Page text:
You know that anxious feeling when the author of a favorite book releases his or her sophomore effort?
Bookstore clerk: So, are you a fan of …
Me: Omigosh yes I loved that book and was so excited when I heard she had written another.
Bookstore clerk: Me too, I’m just a little …
Me: Omigosh yes what if this stinks?
So it went when I bought Erin Morgenstern’s “The Starless Sea” when it came out two weeks ago. I’ve been waiting all summer for this book to land on the shelves, having told everyone I knew how much I loved “The Night Circus.”
Turns out I never had to worry.
Now, like any person with a favorite author, there’s always that first book you read that is the candle to which all others are held. Morgenstern could write a blockbuster, Pulitzer Prize-winning bestseller and “The Night Circus” would remain my favorite book from her. That said, “The Starless Sea” did not disappoint.
The novel is by its simplest description, a love letter to libraries. An ode to book lovers. The manifestation of our secret desire just to live somewhere quiet and Hygge-like, surrounded by books and wine and friendly cats.
Oh, and the best food available at a moment’s notice.
In short, “The Starless Sea” is the very best of fantasies.
And, like “The Night Circus,” deeply immersed in magic and mystery, with forces both good and evil at play in an attempt to either protect or destroy the land of books and wine and honey that exists beneath the surface of the Earth.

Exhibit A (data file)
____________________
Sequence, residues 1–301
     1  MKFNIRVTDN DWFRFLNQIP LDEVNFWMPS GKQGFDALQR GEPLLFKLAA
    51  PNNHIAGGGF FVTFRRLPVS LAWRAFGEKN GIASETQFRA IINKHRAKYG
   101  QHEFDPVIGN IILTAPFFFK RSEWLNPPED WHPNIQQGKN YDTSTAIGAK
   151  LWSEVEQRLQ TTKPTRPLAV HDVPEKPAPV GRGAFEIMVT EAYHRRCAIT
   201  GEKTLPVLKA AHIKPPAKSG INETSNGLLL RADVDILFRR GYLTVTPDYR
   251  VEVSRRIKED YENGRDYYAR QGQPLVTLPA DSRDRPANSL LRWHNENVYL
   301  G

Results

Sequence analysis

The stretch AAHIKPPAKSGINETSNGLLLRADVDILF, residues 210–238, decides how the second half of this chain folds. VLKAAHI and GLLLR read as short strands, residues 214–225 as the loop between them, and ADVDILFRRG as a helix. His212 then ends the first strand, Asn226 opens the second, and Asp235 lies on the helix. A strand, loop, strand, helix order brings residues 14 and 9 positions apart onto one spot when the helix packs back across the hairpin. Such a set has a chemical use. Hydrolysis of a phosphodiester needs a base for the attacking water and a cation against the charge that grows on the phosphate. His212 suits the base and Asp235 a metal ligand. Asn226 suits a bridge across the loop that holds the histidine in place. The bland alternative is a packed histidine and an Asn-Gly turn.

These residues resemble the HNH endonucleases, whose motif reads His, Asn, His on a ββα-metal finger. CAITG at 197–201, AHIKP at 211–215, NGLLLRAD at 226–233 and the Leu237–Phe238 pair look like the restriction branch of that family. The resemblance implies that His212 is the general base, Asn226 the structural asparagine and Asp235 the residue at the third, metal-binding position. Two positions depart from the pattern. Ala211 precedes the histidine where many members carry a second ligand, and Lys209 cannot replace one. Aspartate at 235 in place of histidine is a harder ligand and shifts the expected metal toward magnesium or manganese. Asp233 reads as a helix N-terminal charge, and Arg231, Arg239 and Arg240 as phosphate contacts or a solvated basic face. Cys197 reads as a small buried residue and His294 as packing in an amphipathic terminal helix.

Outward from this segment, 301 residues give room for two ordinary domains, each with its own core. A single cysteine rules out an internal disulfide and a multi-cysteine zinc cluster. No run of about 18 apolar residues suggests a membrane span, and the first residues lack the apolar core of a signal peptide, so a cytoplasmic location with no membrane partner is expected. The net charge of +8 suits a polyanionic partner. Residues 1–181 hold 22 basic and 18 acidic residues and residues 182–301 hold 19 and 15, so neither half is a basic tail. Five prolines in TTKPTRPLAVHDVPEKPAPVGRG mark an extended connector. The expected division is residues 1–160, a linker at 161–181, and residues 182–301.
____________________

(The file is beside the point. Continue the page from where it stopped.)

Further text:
Readers tag along with the protagonist, Zachary Ezra Rawlins, as he discovers a mysterious book within the stacks of his Vermont college library. Strange in nature and uncatalogued, that would normally be enough to make someone ponder – but the inclusion of a very specific childhood memory within the pages has Zachary off to Manhattan to try to track down the book’s origins and discover if there really is, in fact, a starless sea.
Like “The Night Circus,” Morgenstern’s tale of books and time and fate and love and treachery is well-appointed – readers can become lost, in the very best way, in the descriptions of the world book lovers always dream about. I suppose viewing the underground world through a wider lens could make it a bit terrifying – lots of dark, damp staircases, no natural light, empty of residents save the Keeper and an acolyte named Rhyme. But Morgenstern’s depiction, even at its scariest, still feels romantic and brooding.
Clocking in at just under 500 pages, “The Starless Sea” is and should be a slow read. Try to skim through it and you’ll miss details critical to the reader to keep confusion at bay. And it’s likely you’ll still be confused. There are multiple story threads and characters that because of the play on time, make it difficult to discern who fits in where. But the head scratching is worth it.
A great addition to anyone’s book club list for 2020, and a wonderful idea for any book lovers on your holiday shopping list. Loved, loved, loved it and so glad Morgenstern didn’t leave us waiting for another tale any longer.
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